Seven-Month Meat, Dairy Imports Mixed

January-July US meat and dairy imports were mixed compared with the same period last year, according to the USDA Economic Research Service’s monthly Livestock, Dairy, and Poultry Outlook Thursday.

Imports of beef, lamb and mutton, and dairy increased, while pork imports declined, the Outlook report said.




January-July beef imports increased 8.5%, the report said. Of major foreign beef suppliers, imports from Australia and Canada declined, while those from New Zealand, Mexico, Brazil, Uruguay and Nicaragua increased.

Beef packers continued to make gains on fed-cattle processing, the ERS said.  Based on USDA, Agricultural Marketing Service data for actual and estimated slaughter of steers and heifers in August, the pace of fed cattle slaughter appeared to rise above year-ago levels for the first time since March.

The pace of slaughter was estimated at almost 1% more than August 2019.

Because of this quicker-than-expected pace of slaughter, the number of fed cattle projected to be slaughtered in third-quarter 2020 was raised, the ERS said.  This adjustment more than offsets fewer expected cows slaughtered and a reduction in average carcass weights for the quarter, based on recent slaughter data.

In fourth-quarter 2020, more cows and bulls were expected to be slaughtered, the report said.  These factors raised the 2020 beef production forecast by 20 million pounds from last month to 27.0 billion.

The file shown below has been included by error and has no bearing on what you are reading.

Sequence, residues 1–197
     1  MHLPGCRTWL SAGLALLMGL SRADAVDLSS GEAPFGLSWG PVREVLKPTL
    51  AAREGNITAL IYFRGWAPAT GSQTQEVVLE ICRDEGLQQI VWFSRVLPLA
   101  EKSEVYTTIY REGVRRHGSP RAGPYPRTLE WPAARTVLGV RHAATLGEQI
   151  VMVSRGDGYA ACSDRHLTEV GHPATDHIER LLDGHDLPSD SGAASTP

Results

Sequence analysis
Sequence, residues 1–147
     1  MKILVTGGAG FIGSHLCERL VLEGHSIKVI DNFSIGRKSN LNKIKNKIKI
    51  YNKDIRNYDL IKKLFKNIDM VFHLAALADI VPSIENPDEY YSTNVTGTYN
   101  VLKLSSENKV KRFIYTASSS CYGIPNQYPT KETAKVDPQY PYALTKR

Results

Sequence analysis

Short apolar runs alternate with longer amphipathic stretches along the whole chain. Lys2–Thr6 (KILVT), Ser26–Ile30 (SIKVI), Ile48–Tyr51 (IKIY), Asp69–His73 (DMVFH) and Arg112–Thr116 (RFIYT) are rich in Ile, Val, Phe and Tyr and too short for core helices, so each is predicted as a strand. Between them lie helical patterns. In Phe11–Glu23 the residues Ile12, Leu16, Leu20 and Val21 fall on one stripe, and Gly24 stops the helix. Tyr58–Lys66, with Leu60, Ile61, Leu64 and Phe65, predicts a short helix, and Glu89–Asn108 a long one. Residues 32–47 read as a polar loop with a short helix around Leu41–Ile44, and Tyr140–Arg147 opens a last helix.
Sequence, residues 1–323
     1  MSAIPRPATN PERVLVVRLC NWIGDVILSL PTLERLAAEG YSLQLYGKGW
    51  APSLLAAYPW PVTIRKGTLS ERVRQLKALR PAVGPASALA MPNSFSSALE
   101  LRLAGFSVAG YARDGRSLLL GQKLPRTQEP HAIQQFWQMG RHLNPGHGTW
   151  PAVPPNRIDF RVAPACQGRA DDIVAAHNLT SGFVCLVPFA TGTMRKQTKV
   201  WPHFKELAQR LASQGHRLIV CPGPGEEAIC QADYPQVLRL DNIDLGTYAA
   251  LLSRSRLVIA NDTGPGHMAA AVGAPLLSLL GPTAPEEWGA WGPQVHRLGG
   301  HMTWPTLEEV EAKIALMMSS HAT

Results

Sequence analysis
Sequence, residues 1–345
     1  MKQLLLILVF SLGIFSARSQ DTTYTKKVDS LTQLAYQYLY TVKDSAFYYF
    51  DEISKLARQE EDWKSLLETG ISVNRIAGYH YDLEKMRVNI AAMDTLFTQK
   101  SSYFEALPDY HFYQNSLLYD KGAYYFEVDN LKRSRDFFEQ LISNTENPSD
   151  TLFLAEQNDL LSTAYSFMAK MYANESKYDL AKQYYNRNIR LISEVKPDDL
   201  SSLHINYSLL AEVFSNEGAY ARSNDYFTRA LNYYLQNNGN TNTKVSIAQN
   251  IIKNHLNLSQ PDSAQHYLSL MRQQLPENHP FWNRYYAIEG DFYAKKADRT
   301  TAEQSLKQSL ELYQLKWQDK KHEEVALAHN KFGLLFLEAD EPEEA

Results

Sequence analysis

Imports of pork declined almost 12%, mostly on lower imports from Poland, the ERS said.

July and August data indicate the US pork processing industry largely rebounded from COVID-19-related capacity utilization reductions that constrained production in the spring and early summer, the ERS report said.

For July, AMS data show capacity utilization averaged 94.7%, and for August it averaged 95.2%.  For the week ending Sep. 11, USDA data indicated the federally inspected processing industry operated at 96.6% of capacity.

USDA data for July and August showed hog slaughter and pork production were up from a year ago.  Estimated federally inspected slaughter data for the week ending July 3 through Aug. 28 indicated that 22.7 million head of hogs were processed, compared with 21.3 million during the same period last year, an increase of 6.3%.

Larger slaughter numbers combined with higher average dressed weights to yield larger volumes of pork, the ERS said.  Production in weeks 27-35 this year was 4.8 billion pounds, an increase of more than 7% from the same period last year.

Based on the August USDA Cattle on Feed report, there were 12.4% more net placements in July than in the previous year, which was greater than expected, the report said.

Combined with the number of cattle in feedlots yet to be slaughtered in July because of the reduced slaughter capacity in the second quarter, the increase in placements pushed cattle on feed on Aug. 1 to the largest number for the month since the series began in 1996, the report said.




Fed cattle trading this week was reported in the Plains at $103 to $104 per cwt on a live basis, up $2 from last week.  Dressed-basis trading was reported at $162 per cwt, up $1 to $2.

The USDA choice cutout Thursday was down $0.33 per cwt at $215.05, while select was off $1.12 at $203.39.  The choice/select spread widened to $11.66 from $10.87 with 175 loads of fabricated product and 42 loads of trimmings and grinds sold into the spot market.

The CME Feeder Cattle Index for the seven days ended Wednesday was at $141.20 per cwt, up $0.60.  This compares with Thursday’s Sep contract settlement of $139.92 per cwt, down $0.57.